court had no jurisdiction over libels. This was accordingly done. I did not till then know that there were other prosecutions of the same nature, nor do I now know what were their subjects. But all went off together; and I afterwards saw, in the hands of Mr. Granger, a letter written by the clergyman, disavowing any personal ill will towards me, and solemnly declaring he had never uttered the words charged. I think Mr. Granger either showed me, or said there were affidavits of at least half a dozen respectable men who were present at the sermon, and swore no such expressions were uttered, and as many equally respectable who swore the contrary. But the clergyman expressed his gratification at the dismission of the prosecution. I write all this from memory, and after too long an interval of time to be certain of the exactness of all the details ; but I am sure there is no variation material, and Mr. Granger, correcting small lapses of memory, can confirm every thing substantial. Certain it is, that the prosecutions had been instituted, and had made considerable progress, without my knowledge; that they were disapproved by me as soon as known, and directed to be discontinued. The attorney did it on the same ground on which I had acted myself in the cases of Duane, Callender, and others; to wit, that the sedition law was unconstitutional and null, and that my obligation to execute what was law, involved that of not suffering rights secured by valid laws, to be prostrated by what was no law. I always understood that these prosecutions had been invited, if not instituted, by Judge Edwards, and the marshal, being republican, had summoned a grand jury partly or wholly republican : but that Mr. Huntington declared from the beginning against the jurisdiction of the court, and had determined to enter nolle-prosequis before he received my directions.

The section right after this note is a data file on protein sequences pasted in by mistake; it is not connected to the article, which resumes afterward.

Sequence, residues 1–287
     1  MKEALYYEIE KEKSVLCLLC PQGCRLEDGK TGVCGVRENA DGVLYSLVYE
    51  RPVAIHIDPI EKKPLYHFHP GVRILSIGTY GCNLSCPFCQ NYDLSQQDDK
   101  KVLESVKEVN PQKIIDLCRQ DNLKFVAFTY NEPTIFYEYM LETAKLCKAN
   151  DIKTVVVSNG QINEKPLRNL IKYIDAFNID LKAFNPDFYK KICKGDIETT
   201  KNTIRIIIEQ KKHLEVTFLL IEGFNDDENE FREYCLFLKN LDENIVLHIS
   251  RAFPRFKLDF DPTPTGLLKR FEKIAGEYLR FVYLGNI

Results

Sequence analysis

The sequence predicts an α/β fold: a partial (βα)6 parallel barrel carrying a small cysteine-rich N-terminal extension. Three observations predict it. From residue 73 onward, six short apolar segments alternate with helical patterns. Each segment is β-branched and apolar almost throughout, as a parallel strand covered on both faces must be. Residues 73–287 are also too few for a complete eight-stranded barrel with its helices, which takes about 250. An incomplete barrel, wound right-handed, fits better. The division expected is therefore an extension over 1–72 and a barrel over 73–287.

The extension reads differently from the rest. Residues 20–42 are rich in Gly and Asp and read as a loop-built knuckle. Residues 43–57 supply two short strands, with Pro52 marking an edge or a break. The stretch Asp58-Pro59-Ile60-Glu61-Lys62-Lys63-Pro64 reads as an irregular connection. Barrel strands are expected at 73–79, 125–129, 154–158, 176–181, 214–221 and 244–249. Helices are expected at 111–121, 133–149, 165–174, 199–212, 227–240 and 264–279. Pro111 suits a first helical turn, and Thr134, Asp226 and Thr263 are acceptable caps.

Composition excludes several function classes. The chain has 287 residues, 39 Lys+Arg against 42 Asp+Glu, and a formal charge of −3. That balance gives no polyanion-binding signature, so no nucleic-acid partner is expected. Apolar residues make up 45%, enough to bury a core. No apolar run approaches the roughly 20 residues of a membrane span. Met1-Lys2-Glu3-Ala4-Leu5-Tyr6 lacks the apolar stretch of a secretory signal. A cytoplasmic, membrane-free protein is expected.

I trouble you with another subject. The law making my letters post free, goes to those to me only, not those from me. The bill had got to its passage before this was observed (and first I believe by Mr. Dana), and the house under too much pressure of business near the close of the session to bring in another bill. As the privilege of freedom was given to the letters from as well as to both my predecessors, I suppose no reason exists for making a distinction. And in so extensive a correspondence as I am subject to, and still considerably on public matters, it would be a sensible convenience to myself, as well as those who have occasion to receive letters from me. It happens, too, as I was told at the time (for I have never looked into it myself), that it was done by two distinct acts on both the former occasions. Mr. Eppes, I think, mentioned this to me. I know from the Post Master General, that Mr. Adams franks all his letters. I state this matter to you as being my representative, which must apologize for the trouble of it. We have been seasonable since you left us. Yesterday evening and this morning we have had refreshing showers, which will close and confirm the business of planting. Affectionately yours,